Metformin is a prescription drug used to control high blood sugar in patients with type 2 diabetes. The Regulatory agency announced that traces of Nitrosamine present in generic drug substances and drug products, further FDA and EMA investigation also led to the detection of these Nitrosamine impurities in low levels of NDMA impurity in Metformin.
FDA has been investigating the presence of nitrosamines in drug products and in late 2019, become aware of NDMA in some Metformin products in other countries. The regulatory agency started testing to determine whether the Metformin in the U.S. supply was at risk, as part of the ongoing investigation into nitrosamine impurities across medication types. In February 2020, they had identified very low levels of NDMA in some samples, but at that time, no FDA-tested sample of Metformin exceeded the acceptable intake limit for NDMA. The FDA has maintained that it would continue with ongoing testing of Metformin and other medications, and if any levels of NDMA or other impurities were identified, swift action would be taken. Recently FDA became aware of reports of higher levels of NDMA in certain extended-release (ER) formulations of Metformin.
In addition, EMA and national authorities are also assessing the impact of recent tests that found NDMA in some EU batches of Metformin medicines, used for diabetes. Further results from tests on Metformin in the EU are being awaited. In line with previous advice, patients should continue taking their Metformin medicines as usual. The risk of not having adequate diabetes treatment far outweighs possible risks from low levels of nitrosamines.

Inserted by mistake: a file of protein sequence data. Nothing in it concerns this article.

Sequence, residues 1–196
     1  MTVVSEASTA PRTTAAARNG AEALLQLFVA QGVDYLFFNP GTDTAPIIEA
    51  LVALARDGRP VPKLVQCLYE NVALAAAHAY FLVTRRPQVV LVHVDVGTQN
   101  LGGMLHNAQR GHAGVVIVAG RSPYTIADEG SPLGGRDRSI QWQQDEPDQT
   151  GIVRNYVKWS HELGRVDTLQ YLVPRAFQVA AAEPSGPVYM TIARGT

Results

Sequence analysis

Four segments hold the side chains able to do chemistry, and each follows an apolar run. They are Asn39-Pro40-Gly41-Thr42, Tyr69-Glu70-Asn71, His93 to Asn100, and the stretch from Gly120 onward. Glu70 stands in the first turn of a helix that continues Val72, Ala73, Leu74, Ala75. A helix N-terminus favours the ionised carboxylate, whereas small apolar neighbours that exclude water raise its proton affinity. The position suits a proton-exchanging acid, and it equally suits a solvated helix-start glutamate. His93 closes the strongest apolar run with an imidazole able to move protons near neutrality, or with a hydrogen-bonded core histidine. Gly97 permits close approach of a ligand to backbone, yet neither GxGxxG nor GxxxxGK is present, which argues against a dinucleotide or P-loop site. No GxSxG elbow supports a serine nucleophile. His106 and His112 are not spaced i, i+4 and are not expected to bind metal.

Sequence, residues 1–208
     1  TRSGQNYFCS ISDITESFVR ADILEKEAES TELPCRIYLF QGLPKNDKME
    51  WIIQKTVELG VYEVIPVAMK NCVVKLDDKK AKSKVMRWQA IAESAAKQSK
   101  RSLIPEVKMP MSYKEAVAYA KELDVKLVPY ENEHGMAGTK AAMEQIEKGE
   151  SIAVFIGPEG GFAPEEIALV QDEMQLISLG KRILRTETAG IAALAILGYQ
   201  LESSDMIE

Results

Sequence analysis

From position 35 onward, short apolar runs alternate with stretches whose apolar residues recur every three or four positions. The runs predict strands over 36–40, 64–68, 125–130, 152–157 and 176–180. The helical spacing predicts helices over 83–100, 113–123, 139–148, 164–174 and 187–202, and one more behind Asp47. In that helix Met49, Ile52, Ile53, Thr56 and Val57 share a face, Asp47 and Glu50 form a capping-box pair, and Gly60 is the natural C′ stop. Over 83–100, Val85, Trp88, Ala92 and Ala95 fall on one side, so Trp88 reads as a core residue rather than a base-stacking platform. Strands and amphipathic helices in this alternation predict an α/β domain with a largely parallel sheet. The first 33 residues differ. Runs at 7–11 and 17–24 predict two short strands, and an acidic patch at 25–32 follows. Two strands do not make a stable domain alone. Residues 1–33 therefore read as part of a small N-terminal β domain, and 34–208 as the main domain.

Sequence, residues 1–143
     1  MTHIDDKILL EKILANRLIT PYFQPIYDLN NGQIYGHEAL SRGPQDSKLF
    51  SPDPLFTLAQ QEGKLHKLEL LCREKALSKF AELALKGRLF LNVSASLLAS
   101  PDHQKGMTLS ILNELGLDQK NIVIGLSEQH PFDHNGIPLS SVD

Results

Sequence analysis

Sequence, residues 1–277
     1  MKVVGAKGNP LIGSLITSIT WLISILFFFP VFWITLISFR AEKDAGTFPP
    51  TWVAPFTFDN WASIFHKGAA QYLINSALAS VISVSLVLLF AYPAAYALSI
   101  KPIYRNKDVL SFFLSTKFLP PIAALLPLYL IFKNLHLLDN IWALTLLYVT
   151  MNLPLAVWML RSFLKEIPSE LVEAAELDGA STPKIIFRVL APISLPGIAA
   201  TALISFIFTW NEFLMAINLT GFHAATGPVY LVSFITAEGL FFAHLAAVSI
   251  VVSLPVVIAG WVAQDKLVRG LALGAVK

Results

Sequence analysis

As Metformin is considered a critical medicine, EMA and national authorities are cooperating closely to avoid possible shortages so patients can continue to get the treatments they need
FDA continues to investigate the presence of the N-Nitrosodimethylamine (NDMA) impurity in Metformin approved for sale in the U.S. Metformin is a prescription drug used to control high blood sugar in patients with type 2 diabetes. FDA testing has found NDMA in certain lots of extended-release (ER) Metformin and is recommending companies recall lots with levels of NDMA above the acceptable intake limit of 96 nanograms per day. FDA is also collaborating with international regulators to share testing results for Metformin. For reference, consuming up to the acceptable daily intake limit, 0.096 micrograms (96 nanograms), of NDMA per day is considered reasonably safe for human ingestion based on lifetime exposure. NDMA may increase the risk of cancer if people are exposed to it above the acceptable level and over a long period of time, but a person taking a drug that contains NDMA at-or-below the acceptable daily intake limit every day for 70 years is not expected to have an increased risk of cancer